Are audiophile products designed to initially impress then fatigue to make you upgrade?

If not why are many hardly using the systems they assembled, why are so many upgrading fairly new gear that’s fully working? Seems to me many are designed to impress reviewers, show-goers, short-term listeners, and on the sales floor but once in a home system, in the long run, they fatigue users fail to engage and make you feel something is missing so back you go with piles of cash.



Great speakers and yes, the wave guide that trickled down from the JBL M-2 has the most stable center image imaginable. I own the JBL Studio 2 series which was the first consumer speaker that used that trickle down tech from the M-2. On the desktop the 230 monitors are incredible, the way they lock the center image in is amazing. I now have them setup in the man cave as a 5.1.4 atmos setup. With the matching center channel it just gives you more of that great imaging but yes, they sound fantastic in stereo, agreed.

That could well be right.

I've gotten several preamplifier's and power amplifiers over the years, both tubed and solid state, yet here I am again, using my non remote, non surround Sumo Athena preamplifier in passive mode, including its built in phono stage, more than 30 years after buying it second hand.

And after many turntables and cartridges, I didn't go back to the Sony Biotracer I had near the beginning, but to my pl 518's relative, the old S Tonearmed PL 560 and a Denon DL 103, although I still have a half dozen near vintage and modern cartridges.

Sometimes when it's right for my own tastes, I wish there was a light on the system indicating  I arrived. It would have saved a lot of trades, upgrades I abandoned, and tweaking.


I wonder if this question doesn’t reflect technology in general. I have an iPhone so old I don’t dare upgrade the os because it will stop working. My brother had to get a new Apple TV box because the latest apps wouldn’t work on it. It used to be we had to upgrade software but now they make us rebuy hardware.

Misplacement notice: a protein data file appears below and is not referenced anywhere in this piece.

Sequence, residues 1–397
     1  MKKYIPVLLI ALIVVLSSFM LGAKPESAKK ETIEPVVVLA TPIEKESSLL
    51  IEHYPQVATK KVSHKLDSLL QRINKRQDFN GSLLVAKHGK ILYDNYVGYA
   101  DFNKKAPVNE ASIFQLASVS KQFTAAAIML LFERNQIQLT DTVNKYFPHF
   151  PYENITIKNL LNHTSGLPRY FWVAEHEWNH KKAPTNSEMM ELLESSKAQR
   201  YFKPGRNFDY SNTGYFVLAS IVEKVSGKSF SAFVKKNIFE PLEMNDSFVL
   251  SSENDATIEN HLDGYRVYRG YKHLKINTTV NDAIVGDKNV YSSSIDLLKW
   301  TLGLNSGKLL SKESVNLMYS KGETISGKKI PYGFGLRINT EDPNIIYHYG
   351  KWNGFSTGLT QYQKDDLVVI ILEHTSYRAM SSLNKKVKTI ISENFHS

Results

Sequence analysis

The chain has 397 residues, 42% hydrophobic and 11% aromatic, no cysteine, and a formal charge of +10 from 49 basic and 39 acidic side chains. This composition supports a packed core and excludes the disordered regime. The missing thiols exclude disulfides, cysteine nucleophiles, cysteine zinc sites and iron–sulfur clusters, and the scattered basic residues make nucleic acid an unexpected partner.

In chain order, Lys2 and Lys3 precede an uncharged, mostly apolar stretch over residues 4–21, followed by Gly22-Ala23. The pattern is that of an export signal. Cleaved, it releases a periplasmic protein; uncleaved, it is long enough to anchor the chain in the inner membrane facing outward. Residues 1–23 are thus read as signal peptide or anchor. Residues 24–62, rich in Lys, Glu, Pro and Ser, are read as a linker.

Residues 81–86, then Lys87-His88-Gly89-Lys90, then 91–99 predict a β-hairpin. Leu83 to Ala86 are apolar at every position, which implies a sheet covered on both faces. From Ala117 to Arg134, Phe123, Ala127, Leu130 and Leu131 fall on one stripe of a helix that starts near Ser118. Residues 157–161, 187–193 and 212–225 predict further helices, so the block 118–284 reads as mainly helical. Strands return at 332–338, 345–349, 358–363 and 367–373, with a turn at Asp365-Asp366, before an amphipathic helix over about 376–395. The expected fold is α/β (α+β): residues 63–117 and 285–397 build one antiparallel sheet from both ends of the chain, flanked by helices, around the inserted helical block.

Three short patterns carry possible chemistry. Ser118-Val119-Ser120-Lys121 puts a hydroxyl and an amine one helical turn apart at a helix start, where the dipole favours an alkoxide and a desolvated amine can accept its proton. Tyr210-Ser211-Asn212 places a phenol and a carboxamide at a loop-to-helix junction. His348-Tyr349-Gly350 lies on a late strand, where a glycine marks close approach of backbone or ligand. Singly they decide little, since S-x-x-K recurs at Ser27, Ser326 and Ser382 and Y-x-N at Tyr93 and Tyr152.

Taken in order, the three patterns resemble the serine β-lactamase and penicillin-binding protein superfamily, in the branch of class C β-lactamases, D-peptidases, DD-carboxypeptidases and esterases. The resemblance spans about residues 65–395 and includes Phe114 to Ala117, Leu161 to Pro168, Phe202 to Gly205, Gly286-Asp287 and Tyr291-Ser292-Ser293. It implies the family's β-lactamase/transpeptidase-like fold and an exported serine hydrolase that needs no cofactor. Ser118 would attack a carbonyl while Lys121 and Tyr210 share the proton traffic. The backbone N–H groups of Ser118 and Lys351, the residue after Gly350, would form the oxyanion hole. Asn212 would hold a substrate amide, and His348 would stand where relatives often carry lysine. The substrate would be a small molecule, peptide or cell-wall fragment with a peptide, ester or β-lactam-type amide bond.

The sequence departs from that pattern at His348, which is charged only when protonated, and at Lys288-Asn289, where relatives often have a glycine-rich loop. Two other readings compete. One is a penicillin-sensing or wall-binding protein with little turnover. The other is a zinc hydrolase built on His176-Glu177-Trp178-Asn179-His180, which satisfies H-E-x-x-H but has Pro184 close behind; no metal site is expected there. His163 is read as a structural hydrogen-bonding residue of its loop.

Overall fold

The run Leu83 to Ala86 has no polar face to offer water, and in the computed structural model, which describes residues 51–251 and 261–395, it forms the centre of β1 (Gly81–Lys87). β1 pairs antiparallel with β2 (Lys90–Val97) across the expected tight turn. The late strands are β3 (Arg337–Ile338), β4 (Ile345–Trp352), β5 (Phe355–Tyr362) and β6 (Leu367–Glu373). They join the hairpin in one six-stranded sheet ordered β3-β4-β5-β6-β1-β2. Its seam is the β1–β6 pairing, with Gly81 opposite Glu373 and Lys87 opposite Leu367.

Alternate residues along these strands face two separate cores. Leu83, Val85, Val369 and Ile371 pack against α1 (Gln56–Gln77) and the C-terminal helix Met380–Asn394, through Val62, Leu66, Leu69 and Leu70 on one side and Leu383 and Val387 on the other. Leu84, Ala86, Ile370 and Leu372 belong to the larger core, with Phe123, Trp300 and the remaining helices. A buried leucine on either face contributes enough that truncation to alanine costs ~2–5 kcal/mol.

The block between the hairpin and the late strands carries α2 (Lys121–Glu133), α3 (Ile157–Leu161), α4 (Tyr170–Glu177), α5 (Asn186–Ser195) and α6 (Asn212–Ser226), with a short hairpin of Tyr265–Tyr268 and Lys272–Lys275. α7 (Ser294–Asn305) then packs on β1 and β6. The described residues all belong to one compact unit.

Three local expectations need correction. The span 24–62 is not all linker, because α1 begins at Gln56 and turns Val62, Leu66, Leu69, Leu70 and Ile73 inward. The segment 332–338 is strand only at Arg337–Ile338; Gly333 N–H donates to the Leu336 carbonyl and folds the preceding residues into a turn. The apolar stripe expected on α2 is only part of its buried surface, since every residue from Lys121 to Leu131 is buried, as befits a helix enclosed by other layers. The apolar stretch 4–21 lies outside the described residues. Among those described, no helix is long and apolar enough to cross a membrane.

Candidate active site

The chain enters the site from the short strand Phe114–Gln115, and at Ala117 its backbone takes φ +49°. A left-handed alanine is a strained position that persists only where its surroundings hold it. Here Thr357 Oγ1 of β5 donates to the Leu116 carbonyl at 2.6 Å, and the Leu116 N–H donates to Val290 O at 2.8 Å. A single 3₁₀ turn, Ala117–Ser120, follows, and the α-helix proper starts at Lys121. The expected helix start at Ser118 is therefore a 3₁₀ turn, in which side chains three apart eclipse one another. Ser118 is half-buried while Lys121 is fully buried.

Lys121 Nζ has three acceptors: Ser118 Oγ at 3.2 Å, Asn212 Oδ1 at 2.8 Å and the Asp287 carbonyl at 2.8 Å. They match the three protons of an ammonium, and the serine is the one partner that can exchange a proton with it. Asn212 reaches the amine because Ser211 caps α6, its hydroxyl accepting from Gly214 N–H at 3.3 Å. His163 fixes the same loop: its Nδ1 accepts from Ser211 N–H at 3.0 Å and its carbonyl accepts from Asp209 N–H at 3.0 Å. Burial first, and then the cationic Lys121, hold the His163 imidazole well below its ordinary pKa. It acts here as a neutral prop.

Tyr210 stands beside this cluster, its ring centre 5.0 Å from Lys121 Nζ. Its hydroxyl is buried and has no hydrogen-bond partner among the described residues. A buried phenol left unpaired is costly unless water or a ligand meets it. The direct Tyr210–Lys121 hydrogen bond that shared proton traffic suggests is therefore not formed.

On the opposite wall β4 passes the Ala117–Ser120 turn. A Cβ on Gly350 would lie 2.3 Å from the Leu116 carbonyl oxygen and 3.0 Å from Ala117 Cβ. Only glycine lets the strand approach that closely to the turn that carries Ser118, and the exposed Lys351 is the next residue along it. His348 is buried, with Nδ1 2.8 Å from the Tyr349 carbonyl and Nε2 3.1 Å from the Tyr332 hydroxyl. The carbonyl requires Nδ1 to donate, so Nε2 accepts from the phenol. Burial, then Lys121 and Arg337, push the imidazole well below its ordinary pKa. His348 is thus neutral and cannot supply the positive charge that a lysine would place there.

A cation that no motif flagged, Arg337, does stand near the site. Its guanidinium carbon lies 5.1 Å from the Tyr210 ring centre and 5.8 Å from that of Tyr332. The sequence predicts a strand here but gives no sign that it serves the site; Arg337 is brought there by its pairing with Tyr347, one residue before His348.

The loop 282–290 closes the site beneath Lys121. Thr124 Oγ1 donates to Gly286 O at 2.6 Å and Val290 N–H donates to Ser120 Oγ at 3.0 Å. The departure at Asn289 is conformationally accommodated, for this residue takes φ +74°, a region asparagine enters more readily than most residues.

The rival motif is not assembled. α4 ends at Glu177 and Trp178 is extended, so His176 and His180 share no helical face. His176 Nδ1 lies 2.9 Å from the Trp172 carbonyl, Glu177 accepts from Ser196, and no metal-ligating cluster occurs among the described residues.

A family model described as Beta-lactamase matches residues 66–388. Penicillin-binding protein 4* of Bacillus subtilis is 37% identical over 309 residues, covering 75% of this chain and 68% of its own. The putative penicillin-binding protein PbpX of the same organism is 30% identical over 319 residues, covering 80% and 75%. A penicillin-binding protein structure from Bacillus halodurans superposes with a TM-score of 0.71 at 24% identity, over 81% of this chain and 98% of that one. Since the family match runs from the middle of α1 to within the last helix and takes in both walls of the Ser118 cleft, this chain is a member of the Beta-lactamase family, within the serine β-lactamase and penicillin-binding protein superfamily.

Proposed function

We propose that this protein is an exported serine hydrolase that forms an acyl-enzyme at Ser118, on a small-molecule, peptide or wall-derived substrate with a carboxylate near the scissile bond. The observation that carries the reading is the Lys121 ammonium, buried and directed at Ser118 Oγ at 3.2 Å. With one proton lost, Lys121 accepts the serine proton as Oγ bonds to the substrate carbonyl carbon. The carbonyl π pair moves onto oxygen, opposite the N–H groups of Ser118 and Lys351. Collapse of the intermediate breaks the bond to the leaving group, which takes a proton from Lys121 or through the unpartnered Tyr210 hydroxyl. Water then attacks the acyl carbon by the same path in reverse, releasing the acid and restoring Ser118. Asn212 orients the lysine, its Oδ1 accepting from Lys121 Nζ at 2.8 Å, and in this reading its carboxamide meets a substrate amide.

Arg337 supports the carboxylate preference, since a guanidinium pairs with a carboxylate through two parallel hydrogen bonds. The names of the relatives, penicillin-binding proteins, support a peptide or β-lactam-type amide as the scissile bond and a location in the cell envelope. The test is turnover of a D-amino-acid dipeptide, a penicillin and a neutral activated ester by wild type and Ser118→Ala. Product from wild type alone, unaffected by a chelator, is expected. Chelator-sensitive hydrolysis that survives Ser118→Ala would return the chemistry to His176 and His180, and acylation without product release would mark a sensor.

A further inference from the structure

So how this relates to audiophiles is maybe on the margins of newer equipment. My not very high end system is antique components and so I haven’t cycled through changing things besides my amps. Those do seem to just stop working. 

well, sorry if I’m off topic, but it seems to me there is a lot of this bait and switch happening with sometimes very expensive pieces of equipment we use every day. 

Yeah, I would say this thread has gotten kind of off topic. I know it's easy for it to devolve into a discussion about certain pieces of equipment or whatever, because after all that's part of the fun ... right?

But, I thought the OP's question that he posed when he started the thread was: why is it, that whenever I add a new (whatever) piece of equipment to my system, does it eventually leave me feeling un-engaged by my system ... and why does it leave me with a sense of fatigue after listening for long periods?

I would believe the answer is b/c the system you've put together is leaving you feeling those things.

Isn't that the nature of this discussion?


I would believe the answer is b/c the system you've put together is leaving you feeling those things.

Good effort to get things back on track.  I would agree your answer may be one reason for the OP's observation. 

Could another reason be that the constant barrage of review press, forum threads by enthusiastic owners, manufacturer marketing releases, new tweaks, and "breakthrough" innovations has conditioned many audio enthusiasts to continually look for the next best thing and to continually question whether their system sounds as good as it should thereby putting them on a never-ending quest for the holy grail of audio systems?  All the factors I mentioned may make it hard for some audio enthusiasts to simply sit back and enjoy the music.